The Alans were a Scythian people of south-eastern Russia and south of the Caucasus. Ptolemy (fl. 127-148 A.D.) informs us that one of the Alan tribes in the vicinity of the Don were called the Asaioi (the ancestors of the modern As or Ossestes, an Iranian people in the south Caucasus). Most of the Alans were driven westward by the Huns in the early 5th century.
Images of stags with enormous horns were popular in Scythian art during the 6th-4th centuries B.C. The owner of this seal chose as its device a subject clearly evoking this earlier artistic tradition. His name was derived from the name of the tribe of his ancestors, Asaioi. Although the shape of the stone and the style of the engraving are typical of the early Sassanian period, the orthography of the inscription is in part provincial.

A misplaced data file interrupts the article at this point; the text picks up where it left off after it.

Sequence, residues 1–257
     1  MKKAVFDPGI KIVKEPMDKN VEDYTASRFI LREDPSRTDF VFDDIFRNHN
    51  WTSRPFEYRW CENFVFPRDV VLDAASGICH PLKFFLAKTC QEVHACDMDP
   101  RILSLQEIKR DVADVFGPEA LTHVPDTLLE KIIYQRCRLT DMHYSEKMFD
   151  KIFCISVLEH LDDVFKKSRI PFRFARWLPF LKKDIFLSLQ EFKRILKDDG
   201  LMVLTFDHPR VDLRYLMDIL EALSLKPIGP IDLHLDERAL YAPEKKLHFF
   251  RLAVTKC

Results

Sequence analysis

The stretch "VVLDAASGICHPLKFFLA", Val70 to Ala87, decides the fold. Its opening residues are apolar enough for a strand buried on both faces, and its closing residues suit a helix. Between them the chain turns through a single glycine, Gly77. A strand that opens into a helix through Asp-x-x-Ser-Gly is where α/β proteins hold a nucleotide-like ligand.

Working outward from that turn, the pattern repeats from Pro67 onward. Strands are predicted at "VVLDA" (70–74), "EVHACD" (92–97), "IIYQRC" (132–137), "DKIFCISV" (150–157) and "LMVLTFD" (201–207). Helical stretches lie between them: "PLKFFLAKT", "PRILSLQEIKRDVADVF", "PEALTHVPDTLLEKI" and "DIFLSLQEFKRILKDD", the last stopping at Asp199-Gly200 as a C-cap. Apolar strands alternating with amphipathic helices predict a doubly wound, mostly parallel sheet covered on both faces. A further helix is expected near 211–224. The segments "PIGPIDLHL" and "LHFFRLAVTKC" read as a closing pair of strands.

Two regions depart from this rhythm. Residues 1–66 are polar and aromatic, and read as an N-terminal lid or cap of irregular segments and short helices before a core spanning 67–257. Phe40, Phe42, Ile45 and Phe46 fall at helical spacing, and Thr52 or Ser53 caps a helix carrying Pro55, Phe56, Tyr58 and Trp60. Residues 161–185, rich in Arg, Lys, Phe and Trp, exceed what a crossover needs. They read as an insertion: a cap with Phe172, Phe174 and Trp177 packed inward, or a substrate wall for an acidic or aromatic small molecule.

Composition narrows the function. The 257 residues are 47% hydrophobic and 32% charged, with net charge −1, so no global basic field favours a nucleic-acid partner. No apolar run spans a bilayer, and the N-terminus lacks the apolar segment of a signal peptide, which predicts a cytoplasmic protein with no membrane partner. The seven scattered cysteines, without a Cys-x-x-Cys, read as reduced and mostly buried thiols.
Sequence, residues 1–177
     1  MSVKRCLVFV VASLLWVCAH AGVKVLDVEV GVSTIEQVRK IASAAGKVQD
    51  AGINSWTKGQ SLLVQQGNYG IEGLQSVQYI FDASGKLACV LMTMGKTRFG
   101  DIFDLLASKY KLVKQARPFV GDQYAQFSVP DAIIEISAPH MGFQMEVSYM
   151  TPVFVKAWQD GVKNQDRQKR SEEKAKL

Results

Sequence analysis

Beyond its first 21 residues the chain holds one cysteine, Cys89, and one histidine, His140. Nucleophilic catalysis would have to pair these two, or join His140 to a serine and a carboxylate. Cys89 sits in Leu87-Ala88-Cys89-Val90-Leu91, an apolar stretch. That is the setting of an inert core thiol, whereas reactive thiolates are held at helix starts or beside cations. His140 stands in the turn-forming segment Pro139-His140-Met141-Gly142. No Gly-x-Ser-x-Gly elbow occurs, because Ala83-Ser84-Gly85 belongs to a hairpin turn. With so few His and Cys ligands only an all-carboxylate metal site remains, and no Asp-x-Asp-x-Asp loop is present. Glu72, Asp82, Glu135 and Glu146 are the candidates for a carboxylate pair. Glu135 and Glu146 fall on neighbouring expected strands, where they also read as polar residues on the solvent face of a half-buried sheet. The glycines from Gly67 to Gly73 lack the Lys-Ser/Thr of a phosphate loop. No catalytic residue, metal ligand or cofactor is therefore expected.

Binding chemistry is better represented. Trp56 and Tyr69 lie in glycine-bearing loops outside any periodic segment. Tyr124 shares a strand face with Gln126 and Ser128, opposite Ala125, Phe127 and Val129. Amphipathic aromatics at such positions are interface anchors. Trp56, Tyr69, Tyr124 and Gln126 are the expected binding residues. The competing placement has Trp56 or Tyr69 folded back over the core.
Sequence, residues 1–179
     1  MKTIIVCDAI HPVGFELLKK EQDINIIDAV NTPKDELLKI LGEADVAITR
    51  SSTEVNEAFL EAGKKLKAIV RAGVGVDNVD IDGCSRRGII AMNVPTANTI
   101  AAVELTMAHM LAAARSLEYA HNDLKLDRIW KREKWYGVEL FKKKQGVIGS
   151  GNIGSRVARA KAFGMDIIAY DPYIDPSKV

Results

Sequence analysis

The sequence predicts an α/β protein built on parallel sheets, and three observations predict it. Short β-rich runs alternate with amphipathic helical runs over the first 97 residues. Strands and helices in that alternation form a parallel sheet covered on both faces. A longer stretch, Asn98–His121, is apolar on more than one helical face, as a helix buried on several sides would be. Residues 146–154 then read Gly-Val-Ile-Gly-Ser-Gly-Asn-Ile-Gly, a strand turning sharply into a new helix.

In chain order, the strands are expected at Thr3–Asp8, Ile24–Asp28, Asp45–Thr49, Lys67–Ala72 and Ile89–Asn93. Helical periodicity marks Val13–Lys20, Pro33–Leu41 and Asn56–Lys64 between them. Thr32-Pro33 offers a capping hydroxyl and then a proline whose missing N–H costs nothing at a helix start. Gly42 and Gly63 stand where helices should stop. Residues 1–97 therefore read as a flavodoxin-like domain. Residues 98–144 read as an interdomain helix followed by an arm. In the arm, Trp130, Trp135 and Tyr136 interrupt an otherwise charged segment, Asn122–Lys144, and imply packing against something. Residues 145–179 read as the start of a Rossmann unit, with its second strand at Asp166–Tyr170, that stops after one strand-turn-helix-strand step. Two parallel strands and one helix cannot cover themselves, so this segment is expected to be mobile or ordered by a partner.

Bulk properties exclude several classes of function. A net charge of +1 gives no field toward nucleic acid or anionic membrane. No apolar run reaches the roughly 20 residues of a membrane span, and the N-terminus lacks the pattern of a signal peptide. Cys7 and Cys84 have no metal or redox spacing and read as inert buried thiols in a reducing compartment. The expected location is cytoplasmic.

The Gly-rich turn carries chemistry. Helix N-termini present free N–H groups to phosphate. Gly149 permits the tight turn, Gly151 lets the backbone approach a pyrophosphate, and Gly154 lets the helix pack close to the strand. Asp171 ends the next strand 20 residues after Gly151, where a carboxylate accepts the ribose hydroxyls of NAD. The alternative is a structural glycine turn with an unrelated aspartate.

Special thanks to Dr. P. Oktor Skjaervo, Aga Khan Professor of Iranian, Department of Near Eastern Languages and Civilizations, Harvard University, for his assistance.